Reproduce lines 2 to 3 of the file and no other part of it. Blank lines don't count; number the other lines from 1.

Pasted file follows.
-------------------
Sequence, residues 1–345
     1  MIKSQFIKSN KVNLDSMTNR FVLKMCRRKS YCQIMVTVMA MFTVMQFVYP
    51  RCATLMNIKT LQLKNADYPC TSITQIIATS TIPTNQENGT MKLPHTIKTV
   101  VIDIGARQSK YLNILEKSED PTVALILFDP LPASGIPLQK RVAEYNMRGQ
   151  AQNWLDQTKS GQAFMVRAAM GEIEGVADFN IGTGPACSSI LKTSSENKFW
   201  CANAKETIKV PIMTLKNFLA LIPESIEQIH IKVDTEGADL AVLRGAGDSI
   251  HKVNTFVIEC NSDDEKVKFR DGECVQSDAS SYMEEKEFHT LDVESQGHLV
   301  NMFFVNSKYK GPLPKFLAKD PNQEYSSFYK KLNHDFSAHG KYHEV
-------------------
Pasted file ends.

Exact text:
     1  MIKSQFIKSN KVNLDSMTNR FVLKMCRRKS YCQIMVTVMA MFTVMQFVYP
    51  RCATLMNIKT LQLKNADYPC TSITQIIATS TIPTNQENGT MKLPHTIKTV